Aldous Harding keeps her focus so you can let go.
Have you ever seen the New Zealand singer-songwriter Aldous Harding perform? There’s something about her stage (and desk!) presence that’s just as commanding and poignant as her compositions. She sings with total concentration, gazing into the distance with a steely facial expression that almost obscures the vulnerability of her music.
Harding’s new record, Designer, is quietly forceful and enigmatic, showcasing Harding’s velvety vocals and mysterious lyrics on top of deceptively simple instrumental arrangements. Highlights include the sprawling, confident lead single, “The Barrel,” the spare, sorrowful “Heaven Is Empty,” and the playful title track, which contains one of the most striking verses of 2019 so far: “Tears water the flowers of need / And you bend my day at the knee / Sit down, we’ll frame the far side / Shapes live forever, designer.”
We recently spoke to Harding about her new record, her love of dance, and an unforgettable Joan As Police Woman performance. Read the interview below.
Designer is out now on 4AD.
AdHoc: Where’s home right now?
Aldous Harding: It’s New Zealand, and sometimes Cardiff, in Wales.
I know you took a break from performing following your last tour. What was it like to have some quiet time?
It was like the day after a big festival, when you’re a kid. Everyone was gone. It’s all I’d been wishing for, so it was odd to get my wish and be unprepared for myself. And how it had left me, I suppose.
Did you take some time to rest after that?
[First] I made the album, in April , and then I said, “Okay, now I’m going to stop.”
When were you writing this album?
I wrote four [songs] on the road, then three at home in New Zealand, then two whilst recording.
Do you feel like it’s a continuation of your earlier work?
I suppose anything, unless it’s identical, is a new direction, but I don’t think it’s too far or too close for us not to be having this conversation. I think it’s [a] pretty natural evolution, though. I wanted my voice to sit back; I wanted to show that I didn’t have to be serious to be serious. [The sessions were on] a much bigger scale than I was used to. I was intimidated until it started. I was going, “How is this going to [come together]?” But then we got in there and I knew exactly what to do. I had a feeling that it was going to work. I’d thought that I had enough ideas—and I knew John [Parish—who produced Harding’s last record, Party] would have enough ideas—that it would be at least something that we liked.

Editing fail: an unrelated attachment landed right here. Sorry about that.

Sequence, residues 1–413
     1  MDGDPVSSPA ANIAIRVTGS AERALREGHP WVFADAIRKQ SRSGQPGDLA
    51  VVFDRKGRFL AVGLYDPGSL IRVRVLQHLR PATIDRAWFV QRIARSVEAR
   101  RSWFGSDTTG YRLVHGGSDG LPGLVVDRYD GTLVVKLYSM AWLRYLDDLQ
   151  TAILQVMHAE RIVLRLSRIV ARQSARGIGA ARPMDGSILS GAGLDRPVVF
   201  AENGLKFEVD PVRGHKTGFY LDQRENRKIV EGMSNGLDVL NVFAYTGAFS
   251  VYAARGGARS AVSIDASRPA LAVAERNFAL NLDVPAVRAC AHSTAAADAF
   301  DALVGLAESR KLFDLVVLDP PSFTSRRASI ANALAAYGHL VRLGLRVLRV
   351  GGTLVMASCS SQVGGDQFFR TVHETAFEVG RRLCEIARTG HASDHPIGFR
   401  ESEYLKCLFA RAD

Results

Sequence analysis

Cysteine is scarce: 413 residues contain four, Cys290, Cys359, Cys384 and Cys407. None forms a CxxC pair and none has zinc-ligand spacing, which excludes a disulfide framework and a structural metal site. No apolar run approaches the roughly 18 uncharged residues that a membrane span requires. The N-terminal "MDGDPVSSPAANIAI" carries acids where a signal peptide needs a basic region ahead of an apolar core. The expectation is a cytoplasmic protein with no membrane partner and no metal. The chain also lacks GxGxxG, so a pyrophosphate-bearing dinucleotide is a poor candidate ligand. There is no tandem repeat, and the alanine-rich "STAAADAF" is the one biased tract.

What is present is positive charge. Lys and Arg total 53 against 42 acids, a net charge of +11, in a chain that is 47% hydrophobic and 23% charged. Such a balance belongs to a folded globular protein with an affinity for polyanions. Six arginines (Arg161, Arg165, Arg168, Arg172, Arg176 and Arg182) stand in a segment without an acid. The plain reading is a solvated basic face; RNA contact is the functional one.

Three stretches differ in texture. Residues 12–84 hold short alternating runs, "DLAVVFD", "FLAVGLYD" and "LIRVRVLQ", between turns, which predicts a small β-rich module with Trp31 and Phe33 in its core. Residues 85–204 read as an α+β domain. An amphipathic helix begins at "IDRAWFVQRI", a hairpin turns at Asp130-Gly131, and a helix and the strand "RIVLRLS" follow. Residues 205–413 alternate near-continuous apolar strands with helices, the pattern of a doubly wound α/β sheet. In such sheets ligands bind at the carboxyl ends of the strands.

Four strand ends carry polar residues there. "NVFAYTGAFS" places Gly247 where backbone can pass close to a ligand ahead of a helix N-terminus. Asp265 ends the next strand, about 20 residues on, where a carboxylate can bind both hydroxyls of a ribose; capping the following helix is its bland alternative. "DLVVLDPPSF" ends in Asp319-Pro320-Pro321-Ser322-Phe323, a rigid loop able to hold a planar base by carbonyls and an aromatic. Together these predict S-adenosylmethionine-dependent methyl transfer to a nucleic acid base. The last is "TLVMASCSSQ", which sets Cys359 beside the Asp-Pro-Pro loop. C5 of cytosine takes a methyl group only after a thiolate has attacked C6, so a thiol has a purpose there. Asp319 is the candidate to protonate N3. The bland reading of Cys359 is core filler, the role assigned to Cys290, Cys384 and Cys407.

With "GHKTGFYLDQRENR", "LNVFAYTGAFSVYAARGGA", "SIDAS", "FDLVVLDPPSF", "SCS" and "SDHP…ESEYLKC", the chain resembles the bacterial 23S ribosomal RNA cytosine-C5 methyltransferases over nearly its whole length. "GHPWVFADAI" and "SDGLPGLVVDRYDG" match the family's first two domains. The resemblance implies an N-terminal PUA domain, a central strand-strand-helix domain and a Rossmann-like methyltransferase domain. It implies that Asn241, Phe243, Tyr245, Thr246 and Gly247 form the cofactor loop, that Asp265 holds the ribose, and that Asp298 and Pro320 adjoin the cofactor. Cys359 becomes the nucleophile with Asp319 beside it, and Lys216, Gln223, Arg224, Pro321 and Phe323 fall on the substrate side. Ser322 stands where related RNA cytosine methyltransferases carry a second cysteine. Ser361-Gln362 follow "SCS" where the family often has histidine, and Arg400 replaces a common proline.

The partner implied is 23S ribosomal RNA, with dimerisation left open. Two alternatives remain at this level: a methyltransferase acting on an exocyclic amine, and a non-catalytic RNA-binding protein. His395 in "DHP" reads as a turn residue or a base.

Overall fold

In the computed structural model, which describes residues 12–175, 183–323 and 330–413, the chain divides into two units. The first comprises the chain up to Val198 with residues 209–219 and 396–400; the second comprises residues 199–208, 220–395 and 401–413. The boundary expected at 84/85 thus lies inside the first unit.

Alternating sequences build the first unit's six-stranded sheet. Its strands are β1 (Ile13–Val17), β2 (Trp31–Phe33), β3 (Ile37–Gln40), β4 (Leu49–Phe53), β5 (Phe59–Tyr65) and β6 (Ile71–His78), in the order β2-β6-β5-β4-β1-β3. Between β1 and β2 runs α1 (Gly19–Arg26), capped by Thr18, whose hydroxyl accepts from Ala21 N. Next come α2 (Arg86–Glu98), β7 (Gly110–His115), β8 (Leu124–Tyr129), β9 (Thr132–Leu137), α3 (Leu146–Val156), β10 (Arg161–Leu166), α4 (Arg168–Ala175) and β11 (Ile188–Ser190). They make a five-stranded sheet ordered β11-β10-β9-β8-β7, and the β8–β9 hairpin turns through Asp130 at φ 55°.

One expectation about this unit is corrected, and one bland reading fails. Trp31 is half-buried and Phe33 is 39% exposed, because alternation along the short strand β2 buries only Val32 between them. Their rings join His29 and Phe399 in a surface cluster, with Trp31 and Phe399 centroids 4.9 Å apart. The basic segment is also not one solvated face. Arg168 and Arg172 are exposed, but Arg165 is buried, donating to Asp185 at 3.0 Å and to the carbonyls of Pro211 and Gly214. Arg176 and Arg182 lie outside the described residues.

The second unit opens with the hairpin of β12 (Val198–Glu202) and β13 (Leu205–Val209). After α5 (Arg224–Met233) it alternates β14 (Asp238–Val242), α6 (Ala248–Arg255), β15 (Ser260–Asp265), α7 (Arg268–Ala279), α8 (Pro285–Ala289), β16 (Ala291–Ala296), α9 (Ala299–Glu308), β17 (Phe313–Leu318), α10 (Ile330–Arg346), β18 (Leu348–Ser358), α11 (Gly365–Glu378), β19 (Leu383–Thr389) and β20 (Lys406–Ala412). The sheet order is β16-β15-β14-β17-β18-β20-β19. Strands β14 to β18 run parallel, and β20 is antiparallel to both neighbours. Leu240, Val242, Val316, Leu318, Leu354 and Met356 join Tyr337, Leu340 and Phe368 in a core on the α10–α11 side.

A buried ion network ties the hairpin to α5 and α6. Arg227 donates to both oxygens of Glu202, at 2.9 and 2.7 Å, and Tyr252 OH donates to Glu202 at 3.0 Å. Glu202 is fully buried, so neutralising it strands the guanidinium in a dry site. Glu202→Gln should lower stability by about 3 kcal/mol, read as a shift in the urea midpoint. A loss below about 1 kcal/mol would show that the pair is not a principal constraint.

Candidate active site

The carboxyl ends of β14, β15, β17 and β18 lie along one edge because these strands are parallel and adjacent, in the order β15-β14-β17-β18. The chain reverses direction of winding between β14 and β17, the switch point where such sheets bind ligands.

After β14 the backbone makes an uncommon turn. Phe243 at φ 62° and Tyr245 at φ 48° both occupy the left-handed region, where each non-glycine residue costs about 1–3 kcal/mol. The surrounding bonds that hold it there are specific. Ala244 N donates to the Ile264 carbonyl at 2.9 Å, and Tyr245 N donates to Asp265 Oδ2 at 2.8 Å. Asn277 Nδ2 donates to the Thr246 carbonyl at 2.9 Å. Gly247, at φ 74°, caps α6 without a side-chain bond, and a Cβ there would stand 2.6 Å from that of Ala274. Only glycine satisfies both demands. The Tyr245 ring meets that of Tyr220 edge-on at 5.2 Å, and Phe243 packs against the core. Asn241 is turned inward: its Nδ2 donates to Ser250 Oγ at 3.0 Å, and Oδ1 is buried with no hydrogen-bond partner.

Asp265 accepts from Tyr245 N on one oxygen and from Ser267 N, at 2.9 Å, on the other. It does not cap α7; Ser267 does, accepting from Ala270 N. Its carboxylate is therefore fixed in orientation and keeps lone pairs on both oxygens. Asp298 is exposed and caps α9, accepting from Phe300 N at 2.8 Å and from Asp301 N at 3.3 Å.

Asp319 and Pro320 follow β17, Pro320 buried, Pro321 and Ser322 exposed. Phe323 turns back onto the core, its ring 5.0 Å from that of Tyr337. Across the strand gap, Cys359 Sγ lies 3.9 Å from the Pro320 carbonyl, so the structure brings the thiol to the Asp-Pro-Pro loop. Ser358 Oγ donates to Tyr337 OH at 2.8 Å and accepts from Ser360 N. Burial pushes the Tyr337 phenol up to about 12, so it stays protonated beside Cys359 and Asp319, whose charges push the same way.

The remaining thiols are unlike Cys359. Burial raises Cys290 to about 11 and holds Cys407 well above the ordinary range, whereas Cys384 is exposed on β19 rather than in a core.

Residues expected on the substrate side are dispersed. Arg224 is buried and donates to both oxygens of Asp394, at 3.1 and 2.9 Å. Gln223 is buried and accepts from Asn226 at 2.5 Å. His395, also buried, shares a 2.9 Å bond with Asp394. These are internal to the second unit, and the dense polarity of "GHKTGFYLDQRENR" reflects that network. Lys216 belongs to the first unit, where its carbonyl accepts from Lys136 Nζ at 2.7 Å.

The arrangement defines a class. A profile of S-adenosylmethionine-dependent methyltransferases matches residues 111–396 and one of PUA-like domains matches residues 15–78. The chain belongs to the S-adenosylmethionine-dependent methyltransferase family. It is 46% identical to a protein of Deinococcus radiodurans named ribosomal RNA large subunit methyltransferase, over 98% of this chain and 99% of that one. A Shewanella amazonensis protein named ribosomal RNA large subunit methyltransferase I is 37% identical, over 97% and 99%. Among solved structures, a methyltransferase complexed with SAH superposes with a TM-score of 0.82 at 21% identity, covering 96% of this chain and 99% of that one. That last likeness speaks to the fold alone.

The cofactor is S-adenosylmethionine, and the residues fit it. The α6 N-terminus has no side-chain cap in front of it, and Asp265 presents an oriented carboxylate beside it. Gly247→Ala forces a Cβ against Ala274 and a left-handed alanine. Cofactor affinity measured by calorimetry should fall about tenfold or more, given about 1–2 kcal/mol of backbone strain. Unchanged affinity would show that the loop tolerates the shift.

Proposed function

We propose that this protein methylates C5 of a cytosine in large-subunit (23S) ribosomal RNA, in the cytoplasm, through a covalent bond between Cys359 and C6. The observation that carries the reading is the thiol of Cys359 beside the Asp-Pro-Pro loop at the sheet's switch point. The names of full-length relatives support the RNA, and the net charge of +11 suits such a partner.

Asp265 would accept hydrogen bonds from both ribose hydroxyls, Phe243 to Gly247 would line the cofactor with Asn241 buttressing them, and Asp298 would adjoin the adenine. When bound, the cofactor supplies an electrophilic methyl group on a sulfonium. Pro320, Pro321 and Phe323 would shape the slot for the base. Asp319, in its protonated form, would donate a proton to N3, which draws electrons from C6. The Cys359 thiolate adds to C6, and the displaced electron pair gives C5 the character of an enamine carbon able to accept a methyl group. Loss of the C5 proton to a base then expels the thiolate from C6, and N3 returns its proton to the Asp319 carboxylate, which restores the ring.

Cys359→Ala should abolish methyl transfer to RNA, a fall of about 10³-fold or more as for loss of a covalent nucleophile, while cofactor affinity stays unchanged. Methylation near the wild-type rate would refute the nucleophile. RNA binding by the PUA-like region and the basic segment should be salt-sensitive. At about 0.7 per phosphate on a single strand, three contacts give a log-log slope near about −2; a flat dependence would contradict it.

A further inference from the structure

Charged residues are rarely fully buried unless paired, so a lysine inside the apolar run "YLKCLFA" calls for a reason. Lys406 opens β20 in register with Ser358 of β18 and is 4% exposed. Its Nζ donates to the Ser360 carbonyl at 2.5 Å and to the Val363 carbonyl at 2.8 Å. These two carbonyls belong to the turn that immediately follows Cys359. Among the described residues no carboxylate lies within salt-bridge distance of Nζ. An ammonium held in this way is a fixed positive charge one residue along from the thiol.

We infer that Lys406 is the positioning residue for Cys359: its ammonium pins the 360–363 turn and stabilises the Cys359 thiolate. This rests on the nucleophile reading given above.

Where did the album title, Designer, come from?
Well, the name is just the word. I’m not trying to be cryptic. It is exactly all the ways you can use that word.
What are some of the ways that come to mind for you?
I’m the designer; you’re the designer. Like, is the album about me? [Is] someone endowing you as the designer? I sound way more affected by my own music and ideas than I am, but I’m just trying to put this into view.
I wanted it to be loose. But also it’s classy. It’s not intimidating, but there’s a lot of honor associated with that word, and I wanted everyone to feel that.
Were you listening to any music while working on the record that was influential?
Yeah, I had a couple of songs and treatments on records that were in my mind. But I don’t want to reveal those, because I think that puts us at risk of lazy comparisons or planting seeds that might be detrimental to an untethered experienced. It’s like you sing one high note and do one Kate Bush cover and suddenly you sound like Kate Bush. Or you work with PJ Harvey’s producer and you sound like PJ Harvey.
Has performing always been a big part of your relationship to music?
I’ve always been a performer. I was always putting on my mum’s shoes doing that kind of thing, like, “Mum, watch this!” And when the early teens hit you become insecure; you lose all of that and you try to be normal, or you try to protect yourself in a really sad way. Now I’m over that as much as I can be.
What are some performances you’ve witnessed that have really affected you?
Joan As Police Woman. She was great.
What about that performance do you remember?
She was strong. She was sexy. She was vulnerable. And I felt like she needed me as much as I needed her. That combination made me realize what it looked like to watch somebody who uses [music] as medicine. If you’re using [music] to heal something, assumedly you care about that thing needing to be healed so much you wouldn’t let anything get in the way of its healing. I just think that’s the sexiest shit I’ve ever seen.
You said in a recent interview that “Music is the language.” Has there ever been another language for you?
Dance—I love to dance.
How does that interact with your music practice?
I love to dance, but I don’t necessarily want to incorporate it into the live show. That’s too much self-expression. If I started to dance I’d lose focus—that’s why I dance—but [onstage] I need to be focused, because the songs are complex in their simplicity.
This quality of focus seems really important to you.
Yes. Isn’t that what you hear people say in the movies when they’re encouraging somebody about to attempt something great?